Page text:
Increasing number of Nigerians count their losses as activities of cybercriminals continue to rise year-on-year (Y-o-Y) basis.
A report from the Nigeria Inter-Bank Settlement System Plc (NIBSS) entitled, ‘Fraud in the Nigerian Financial Services’, noted that while the channel distribution showed only a moderate shift of fraud attempt towards mobile and web channels Y-o-Y, analysing the number of fraud attempts showed a more alarming narrative.
NIBSS disclosed that the total number of attempts as of Q3 (January to September) grew by 186 per cent from 2019 to 2020. Expectedly, fraud attempts via mobile channels saw a 330 per cent increase YoY while attempts via web and PoS channels saw 173 per cent and 215 per cent increase YoY.
According to the NIBSS, this trend is expected to continue as Nigeria further grows financial inclusion and customers become increasingly dependent on electronic channels for their day-to-day transactions.
The analysis showed that while in 2019, frauds via ATM was 19 per cent, it decreased to nine per cent in 2020. PoS recorded six per cent in 2019; it was seven per cent a year after. Internet banking fraud was four per cent in 2019 and dropped to one per cent in 2020.
Between 2019 and 2020, the NIBSS report claimed there was no fraud committed via cheques, eCommerce platforms, across the counter and non-electronic platforms. However, though, in 2019, web fraud recorded 51 per cent, it dropped to 47 per cent in 2020, but frauds from mobile platforms, which was 20 per cent in 2019, increased to 35 per cent after a year.
Going deeper into Nigerian industry data, NIBSS noted that the actual figures reported by the industry are quite striking. This year, about 91 per cent of all fraud attempts as of September 2020 have resulted in a total loss and more than N5 billion was lost as a result of fraud within the same period.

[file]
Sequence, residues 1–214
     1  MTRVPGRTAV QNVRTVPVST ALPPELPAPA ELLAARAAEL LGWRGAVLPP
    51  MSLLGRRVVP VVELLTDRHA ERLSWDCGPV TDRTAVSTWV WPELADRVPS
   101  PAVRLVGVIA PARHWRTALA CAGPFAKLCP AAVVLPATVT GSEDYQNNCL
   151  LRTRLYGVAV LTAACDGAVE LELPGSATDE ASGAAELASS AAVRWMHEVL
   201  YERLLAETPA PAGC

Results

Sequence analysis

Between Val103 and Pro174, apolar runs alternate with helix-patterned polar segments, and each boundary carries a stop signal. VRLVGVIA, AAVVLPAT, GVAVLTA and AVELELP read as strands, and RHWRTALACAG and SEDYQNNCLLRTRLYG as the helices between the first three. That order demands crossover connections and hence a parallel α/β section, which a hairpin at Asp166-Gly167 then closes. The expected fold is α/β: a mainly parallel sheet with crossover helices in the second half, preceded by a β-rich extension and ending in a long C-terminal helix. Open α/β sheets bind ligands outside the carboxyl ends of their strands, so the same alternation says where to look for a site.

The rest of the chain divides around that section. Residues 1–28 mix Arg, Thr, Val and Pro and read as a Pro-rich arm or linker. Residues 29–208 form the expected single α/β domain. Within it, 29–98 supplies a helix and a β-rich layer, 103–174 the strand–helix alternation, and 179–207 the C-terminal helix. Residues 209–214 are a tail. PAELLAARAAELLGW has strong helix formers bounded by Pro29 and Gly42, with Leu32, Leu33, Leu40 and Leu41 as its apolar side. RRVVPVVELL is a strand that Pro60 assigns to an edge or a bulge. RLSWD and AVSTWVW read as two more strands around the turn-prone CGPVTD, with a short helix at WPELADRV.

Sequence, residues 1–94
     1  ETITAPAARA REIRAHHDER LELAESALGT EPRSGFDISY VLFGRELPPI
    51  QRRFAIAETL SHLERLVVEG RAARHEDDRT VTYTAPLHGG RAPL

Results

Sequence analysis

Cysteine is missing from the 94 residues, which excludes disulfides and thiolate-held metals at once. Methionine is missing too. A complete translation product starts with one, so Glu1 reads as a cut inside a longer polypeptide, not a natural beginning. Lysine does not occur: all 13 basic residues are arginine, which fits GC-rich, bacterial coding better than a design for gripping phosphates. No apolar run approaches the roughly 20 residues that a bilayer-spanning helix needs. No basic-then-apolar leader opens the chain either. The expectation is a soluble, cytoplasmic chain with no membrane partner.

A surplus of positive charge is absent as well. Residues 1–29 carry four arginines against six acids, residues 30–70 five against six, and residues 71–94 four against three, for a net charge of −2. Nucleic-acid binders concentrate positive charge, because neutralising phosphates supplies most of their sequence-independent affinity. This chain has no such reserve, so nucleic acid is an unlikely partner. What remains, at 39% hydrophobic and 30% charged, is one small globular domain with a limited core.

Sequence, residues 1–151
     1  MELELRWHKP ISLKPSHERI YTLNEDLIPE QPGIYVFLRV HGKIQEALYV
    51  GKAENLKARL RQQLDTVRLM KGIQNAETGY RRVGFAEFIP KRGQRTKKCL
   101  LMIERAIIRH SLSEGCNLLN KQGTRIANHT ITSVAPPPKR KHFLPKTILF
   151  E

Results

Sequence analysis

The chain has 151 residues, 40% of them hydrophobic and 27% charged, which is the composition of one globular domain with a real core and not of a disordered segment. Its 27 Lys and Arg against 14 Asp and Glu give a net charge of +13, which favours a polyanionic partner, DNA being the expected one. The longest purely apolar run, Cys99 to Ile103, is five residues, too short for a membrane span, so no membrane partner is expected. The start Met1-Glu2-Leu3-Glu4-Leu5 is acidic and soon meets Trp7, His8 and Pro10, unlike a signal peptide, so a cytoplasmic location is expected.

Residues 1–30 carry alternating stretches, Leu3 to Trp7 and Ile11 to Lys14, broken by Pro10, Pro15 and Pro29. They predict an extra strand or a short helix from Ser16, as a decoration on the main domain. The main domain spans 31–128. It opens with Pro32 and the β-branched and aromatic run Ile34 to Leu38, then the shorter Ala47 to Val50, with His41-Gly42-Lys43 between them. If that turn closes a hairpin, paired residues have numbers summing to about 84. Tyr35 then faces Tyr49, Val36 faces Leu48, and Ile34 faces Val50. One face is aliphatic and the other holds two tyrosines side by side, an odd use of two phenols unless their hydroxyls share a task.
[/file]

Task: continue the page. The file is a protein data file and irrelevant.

The report noted that fraud has become a global phenomenon that seeks to take advantage of vulnerabilities in various systems to criminally achieve a financial gain.
According to NIBSS, Nigerians have long been perceived to have perpetrated some of the most cunning and inventive scams, so much so that the country’s reputation around the globe has been negatively impacted by the trend.
“While this reputation predates the advent of electronic payments in Nigeria, it has continuously evolved to the extent that financial institutions and service providers alike are constantly on the lookout for odd behavious to ensure that any potentially fraudulent behavior is nipped in the bud,” NIBSS stated.
On a global scale, NIBSS disclosed that fraudulent activities have resulted in losses amounting to about $42 billion. It stressed that approximately 39 per cent are perpetrated by external parties while 37 per cent are perpetrated by internal parties.
Mitigating the incidences of fraud, NIBSS informed that institutions need to keep in mind that as the threat of fraud looms over the industry, this field requires continuous innovation.
“As the fraudsters evolve, so must we. Ability to anticipate the action of the fraudsters is key,” it stated.
The nine-page report reminded said social engineering remains one of the principal ways in which fraudulent activities are attempted. It stressed that social engineering is a broad range of techniques that involve manipulating a victim into giving away sensitive information using psychological manipulation.
According to it, data from the industry anti-fraud portal data showed that 56 per cent of all reported fraud attempts were carried out using social engineering.
NIBSS stressed that institutions need to focus resources on user education, which includes both internal and external users. It stressed that institutions need to be poised to promptly detect and block any such fraudulent activity from negatively impacting the customer’s perception of their platforms and products, while also ensuring that customers are informed and perceptive enough to identify and reject any such offers.
The report noted that the anti-fraud battle can only be won when organisations institute a well-round strategy involving sensitization, investments in well-suited technologies, risk management, effective governance, and industry-wide collaboration with relevant stakeholders.
– The Guardian